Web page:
History and progress of boundary-layer transition on a Mach-6 flared cone

Brandon C. Chynoweth, Steven P. Schneider, Christoph Hader, Hermann Fasel, Armani Batista, Joseph Kuehl, Thomas J. Juliano, Bradley M. Wheaton

Research output: Contribution to journalArticlepeer-review

47 Scopus citations


Results from experimental, theoretical, and computational efforts are combined in a comprehensive review to summarize the improved understanding of the underlying physical mechanisms causing second-mode dominated laminar-turbulent transition on a 3 m circular-arc flared cone for the Boeing/U.S. Air Force Office of Scientific Research Mach 6 Quiet Tunnel (BAM6QT) conditions. Qualitatively similar patterns of streamwise streaks have been observed in experiments, using temperature sensitive paint, and in high-resolved “controlled” breakdown direct numerical simulations (DNS). The experimental and computational results using nonlinear parabolized stability equations (NPSEs) and DNS revealed that the maximum second-mode pressure fluctuation reaches extremely large values (30-60% of the surface pressure) before the breakdown to turbulence. These values are significantly higher as compared to what has been observed in incompressible flow, therefore providing an explanation for an elongated transition/breakdown regime in high-speed compressible flow. A sudden spectral broadening in the disturbance content has been observed in the three different approaches once the primary wave saturates nonlinearly, indicating a sudden nonlinear amplification of a broad spectrum of frequencies and wave numbers when transition begins. Good agreement was found between NPSE calculations and experiments when comparing the spectral broadening onset location, the total disturbance amplitude, and the amplitude ratio between the primary disturbances and the first harmonics, which shows that NPSEs can accurately reproduce/predict the experimental results. The DNS results revealed that the streaks on the surface of the cone are caused by steady streamwise vortices that are generated by nonlinear interaction of the primary and secondary disturbance wave. The similarities in the streak patterns suggest that the mechanisms observed in the controlled breakdown DNS are likely the same mechanisms leading to laminar-turbulent transition in the natural transition scenario observed in the BAM6QT. The more in-depth understanding of the transition process, and especially the understanding of the mechanisms leading to the streak patterns, can be used to explore potential flow control strategies to mitigate the detrimental effects of the massive heat overshoots over the turbulent values arising as a consequence of these streaks.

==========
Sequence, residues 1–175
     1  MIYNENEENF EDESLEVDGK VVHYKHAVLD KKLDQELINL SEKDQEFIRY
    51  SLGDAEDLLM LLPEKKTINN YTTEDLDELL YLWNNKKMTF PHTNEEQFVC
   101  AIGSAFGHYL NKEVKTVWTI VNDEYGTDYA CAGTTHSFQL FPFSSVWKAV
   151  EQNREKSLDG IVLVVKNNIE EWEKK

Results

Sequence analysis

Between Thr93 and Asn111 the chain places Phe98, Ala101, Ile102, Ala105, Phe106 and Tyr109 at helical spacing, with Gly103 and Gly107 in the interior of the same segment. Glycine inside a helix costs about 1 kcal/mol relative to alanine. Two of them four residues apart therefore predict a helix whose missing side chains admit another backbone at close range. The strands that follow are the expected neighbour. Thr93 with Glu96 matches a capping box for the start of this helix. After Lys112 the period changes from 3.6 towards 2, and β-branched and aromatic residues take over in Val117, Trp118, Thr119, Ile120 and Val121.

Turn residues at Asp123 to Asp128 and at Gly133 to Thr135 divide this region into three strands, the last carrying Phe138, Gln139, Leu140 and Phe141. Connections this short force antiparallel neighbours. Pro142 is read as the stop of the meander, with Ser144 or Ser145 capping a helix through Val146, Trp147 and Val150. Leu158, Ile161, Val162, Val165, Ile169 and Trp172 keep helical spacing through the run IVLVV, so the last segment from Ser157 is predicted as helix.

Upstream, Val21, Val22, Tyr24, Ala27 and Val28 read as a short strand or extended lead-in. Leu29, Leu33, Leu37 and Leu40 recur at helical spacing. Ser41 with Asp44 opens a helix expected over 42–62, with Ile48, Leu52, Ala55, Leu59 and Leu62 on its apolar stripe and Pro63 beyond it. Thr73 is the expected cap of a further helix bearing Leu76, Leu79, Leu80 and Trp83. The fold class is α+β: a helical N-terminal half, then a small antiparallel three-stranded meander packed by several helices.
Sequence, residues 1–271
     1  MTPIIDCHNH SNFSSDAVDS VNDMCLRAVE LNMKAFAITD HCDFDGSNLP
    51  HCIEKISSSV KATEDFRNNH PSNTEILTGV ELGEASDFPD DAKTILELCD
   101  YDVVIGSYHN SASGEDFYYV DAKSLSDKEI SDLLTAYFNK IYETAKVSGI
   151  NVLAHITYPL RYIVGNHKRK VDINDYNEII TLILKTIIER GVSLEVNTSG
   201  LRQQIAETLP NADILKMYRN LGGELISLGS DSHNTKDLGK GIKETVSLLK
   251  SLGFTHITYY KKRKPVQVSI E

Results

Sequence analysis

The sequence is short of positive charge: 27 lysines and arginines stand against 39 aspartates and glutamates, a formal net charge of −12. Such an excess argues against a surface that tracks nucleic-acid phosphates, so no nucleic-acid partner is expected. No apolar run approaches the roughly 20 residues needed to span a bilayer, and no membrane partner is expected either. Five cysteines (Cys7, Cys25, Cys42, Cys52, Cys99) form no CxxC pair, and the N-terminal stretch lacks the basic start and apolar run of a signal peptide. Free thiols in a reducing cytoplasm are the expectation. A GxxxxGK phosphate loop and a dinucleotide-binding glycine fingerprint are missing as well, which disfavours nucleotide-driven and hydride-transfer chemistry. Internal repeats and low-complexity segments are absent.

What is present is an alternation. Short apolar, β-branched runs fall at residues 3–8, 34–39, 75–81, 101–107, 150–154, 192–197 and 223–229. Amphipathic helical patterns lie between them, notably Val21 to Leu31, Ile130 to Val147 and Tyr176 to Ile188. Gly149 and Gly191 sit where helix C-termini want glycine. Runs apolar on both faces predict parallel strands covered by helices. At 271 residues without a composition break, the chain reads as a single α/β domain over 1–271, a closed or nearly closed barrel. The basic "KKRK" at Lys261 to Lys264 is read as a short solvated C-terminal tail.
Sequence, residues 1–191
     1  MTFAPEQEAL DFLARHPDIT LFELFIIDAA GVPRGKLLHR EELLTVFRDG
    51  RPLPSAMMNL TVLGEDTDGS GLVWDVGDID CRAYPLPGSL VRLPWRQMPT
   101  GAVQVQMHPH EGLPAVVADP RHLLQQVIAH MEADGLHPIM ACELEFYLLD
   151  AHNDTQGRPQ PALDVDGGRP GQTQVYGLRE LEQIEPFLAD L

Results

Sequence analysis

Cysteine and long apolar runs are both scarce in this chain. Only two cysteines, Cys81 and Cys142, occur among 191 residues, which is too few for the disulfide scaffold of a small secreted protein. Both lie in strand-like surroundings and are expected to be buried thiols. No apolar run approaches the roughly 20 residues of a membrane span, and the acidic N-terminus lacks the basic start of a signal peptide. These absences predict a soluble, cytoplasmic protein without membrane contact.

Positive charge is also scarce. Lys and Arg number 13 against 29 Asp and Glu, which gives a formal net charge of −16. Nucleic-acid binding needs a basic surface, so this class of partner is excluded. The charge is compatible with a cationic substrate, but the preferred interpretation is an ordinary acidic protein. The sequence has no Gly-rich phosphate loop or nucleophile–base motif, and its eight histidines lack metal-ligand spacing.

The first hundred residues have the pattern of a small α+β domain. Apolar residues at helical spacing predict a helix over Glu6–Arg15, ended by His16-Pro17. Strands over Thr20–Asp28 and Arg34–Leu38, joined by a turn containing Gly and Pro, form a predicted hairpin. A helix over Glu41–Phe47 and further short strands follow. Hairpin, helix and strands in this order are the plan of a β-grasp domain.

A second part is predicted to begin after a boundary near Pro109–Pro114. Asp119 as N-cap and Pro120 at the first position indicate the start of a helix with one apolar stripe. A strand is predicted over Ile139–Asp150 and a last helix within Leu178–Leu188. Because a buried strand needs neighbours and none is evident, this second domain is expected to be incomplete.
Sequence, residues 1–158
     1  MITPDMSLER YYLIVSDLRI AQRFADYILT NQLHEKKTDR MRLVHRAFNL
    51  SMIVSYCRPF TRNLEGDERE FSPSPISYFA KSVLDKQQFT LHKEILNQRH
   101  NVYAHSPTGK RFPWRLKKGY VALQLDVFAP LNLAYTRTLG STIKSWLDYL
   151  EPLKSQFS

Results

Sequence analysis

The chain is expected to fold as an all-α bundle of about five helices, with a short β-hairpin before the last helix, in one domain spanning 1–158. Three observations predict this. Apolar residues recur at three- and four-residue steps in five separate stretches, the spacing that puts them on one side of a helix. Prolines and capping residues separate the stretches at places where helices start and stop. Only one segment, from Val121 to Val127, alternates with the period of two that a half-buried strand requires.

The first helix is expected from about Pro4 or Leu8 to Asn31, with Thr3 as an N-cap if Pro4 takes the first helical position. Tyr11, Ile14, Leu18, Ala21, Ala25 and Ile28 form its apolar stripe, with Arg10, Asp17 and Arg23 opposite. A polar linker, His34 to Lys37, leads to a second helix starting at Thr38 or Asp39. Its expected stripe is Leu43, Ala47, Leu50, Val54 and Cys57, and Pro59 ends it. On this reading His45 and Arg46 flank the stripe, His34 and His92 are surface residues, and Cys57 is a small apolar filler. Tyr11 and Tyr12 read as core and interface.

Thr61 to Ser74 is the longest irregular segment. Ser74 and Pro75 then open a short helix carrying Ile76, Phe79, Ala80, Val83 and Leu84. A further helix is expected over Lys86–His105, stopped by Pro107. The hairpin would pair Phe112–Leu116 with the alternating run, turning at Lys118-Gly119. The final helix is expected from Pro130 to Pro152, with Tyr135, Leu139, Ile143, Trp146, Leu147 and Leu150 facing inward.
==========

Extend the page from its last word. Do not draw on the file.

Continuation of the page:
Original languageEnglish (US)
Pages (from-to)333-346
Number of pages14
JournalJournal of Spacecraft and Rockets
Issue number2
StatePublished - 2019

ASJC Scopus subject areas

  • Aerospace Engineering
  • Space and Planetary Science


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